A program that asks pedestrians to help homeless people in Ann Arbor by refusing to hand out money is catching on at area businesses and has already aided several panhandlers.

Paul Wong
Antonio Jose Williams, who is homeless, stands on State Street last night. He has been in Ann Arbor for 10 years. <br><br>DAVID KATZ/Daily

Mayor John Hieftje”s Downtown Marketing Task Force and a number of merchants” associations of Ann Arbor are participating in “Loose Change for Real Change,” a program designed to take panhandlers with substance abuse problems off the street and into treatment.

“There are some people who make panhandling their occupation,” Hieftje said. “They live with relatives or live in apartments paid by their Social Security checks. Some of them reportedly make up to $25,000 per year.”

Jim Kosteva, the University”s director of community relations, said the number of people on the streets in Ann Arbor has noticeably increased in the past 18 months, causing merchants and residents to look for a way to decrease panhandling activity and get the people who need help with their substance abuse problems into treatment.

The Loose Change for Real Change program, which has been an idea of concerned citizens for years but did not get started until September, uses the money people would normally give to aggressive panhandlers to pay for their rehabilitation.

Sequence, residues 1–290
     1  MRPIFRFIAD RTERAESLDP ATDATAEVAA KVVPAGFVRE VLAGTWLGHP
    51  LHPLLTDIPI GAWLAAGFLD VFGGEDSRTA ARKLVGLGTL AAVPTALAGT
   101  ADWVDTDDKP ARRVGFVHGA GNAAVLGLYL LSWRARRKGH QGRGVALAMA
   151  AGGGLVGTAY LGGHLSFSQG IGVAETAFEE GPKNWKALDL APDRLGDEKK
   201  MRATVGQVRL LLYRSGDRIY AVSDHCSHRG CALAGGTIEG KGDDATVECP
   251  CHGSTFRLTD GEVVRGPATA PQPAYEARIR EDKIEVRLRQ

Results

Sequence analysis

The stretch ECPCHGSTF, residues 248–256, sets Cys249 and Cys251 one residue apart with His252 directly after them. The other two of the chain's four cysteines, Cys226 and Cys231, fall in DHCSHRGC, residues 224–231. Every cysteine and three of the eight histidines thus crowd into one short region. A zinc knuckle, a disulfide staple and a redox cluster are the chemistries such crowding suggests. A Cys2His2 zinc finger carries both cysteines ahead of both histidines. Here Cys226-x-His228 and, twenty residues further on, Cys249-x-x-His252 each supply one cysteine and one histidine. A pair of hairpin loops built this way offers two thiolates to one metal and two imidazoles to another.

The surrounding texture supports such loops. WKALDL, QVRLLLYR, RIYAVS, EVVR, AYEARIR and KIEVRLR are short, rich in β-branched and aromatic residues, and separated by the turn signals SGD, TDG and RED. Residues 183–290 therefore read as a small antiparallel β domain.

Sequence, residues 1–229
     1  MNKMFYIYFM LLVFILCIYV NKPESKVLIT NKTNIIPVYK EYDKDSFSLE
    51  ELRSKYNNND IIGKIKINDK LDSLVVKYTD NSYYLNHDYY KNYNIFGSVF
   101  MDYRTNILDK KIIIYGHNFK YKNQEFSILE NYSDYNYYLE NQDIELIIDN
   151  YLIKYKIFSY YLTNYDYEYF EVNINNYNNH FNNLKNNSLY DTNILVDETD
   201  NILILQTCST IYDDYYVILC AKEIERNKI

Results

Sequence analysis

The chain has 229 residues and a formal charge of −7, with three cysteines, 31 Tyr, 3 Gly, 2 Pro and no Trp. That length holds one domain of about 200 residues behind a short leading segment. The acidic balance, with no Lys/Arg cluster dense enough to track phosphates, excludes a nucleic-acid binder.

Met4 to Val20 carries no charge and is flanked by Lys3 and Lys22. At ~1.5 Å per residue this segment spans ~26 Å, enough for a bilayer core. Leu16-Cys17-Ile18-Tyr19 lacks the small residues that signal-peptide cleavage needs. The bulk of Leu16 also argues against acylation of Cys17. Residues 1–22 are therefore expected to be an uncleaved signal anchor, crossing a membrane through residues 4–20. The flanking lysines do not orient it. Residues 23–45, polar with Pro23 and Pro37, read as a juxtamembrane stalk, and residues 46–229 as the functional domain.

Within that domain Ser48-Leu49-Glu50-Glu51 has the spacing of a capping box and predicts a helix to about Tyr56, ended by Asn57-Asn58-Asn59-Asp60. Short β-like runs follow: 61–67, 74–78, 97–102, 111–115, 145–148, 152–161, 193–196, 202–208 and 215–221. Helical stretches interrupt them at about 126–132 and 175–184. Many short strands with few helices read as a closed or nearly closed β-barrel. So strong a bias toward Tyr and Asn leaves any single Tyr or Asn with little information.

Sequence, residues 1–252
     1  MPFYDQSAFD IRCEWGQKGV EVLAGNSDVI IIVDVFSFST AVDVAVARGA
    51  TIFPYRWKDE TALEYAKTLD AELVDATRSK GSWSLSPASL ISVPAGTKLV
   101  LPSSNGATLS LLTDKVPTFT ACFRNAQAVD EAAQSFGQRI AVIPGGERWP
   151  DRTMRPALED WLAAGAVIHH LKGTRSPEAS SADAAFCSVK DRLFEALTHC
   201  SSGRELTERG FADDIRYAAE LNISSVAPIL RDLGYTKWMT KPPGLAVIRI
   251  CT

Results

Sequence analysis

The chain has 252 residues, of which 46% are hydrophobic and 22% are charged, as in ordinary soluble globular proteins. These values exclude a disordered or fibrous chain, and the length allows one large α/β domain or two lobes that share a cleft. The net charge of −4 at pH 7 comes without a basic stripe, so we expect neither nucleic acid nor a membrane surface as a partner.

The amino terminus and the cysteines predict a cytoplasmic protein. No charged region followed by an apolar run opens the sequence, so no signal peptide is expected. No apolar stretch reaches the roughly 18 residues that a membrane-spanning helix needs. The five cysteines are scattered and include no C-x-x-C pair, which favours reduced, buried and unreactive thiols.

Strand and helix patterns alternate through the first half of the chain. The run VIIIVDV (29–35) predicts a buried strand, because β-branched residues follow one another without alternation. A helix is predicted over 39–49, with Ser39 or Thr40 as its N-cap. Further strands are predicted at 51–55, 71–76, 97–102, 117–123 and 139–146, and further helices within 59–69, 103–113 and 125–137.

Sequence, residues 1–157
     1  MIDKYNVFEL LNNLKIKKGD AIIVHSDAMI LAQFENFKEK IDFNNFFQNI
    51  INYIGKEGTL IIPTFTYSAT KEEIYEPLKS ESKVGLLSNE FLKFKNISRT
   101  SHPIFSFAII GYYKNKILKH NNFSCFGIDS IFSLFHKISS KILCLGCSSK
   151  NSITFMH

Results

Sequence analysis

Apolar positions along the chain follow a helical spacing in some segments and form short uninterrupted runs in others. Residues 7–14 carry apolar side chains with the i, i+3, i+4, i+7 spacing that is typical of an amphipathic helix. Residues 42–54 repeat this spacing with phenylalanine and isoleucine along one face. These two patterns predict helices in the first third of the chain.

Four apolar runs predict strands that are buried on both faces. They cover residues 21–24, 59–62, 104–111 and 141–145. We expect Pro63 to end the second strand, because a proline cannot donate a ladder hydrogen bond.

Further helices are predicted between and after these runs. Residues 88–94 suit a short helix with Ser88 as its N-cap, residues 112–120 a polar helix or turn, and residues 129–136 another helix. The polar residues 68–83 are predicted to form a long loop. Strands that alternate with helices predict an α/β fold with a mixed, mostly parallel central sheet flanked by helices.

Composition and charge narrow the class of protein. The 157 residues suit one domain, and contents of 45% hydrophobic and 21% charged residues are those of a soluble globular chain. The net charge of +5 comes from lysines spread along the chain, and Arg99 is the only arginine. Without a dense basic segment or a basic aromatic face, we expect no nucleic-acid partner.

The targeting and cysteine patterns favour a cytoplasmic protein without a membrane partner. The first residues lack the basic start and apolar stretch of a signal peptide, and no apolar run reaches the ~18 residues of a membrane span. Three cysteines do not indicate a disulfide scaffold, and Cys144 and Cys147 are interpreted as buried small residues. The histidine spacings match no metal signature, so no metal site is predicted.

The program encourages people to deposit their loose change in collection boxes at a number of merchants in the downtown, State Street and Kerrytown areas instead of giving money to panhandlers.

The rehabilitation programs funded by the loose change take place at Dawn Farm at 502 West Huron St., a local nonprofit agency that helps people with drug and alcohol problems and provides housing assistance.

The program”s downtown street outreach worker is Charles Coleman, a self-described former alcohol and drug addict and panhandler who now walks the streets of Ann Arbor in search of people who could benefit from the services of Dawn Farm.

Coleman said the money students and other pedestrians give to panhandlers is often used to support drug habits and that giving panhandlers money is actually hurting them.

“Word gets around that Ann Arbor is a gold mine (for handouts) and people come on buses to take advantage of students” generosity to buy drugs and alcohol,” Coleman said. “As long as we continue to give the money, people are not going to change.”

When Coleman spoke to students at the Michigan Student Assembly meeting Tuesday night, he encouraged them to either deposit their change in the boxes located inside businesses or simply not give money to panhandlers.

“There is no program like this in the country,” Coleman said. “We have been so successful that already I was able to take two homeless people into treatment my goal is to help two people a month from now on.”

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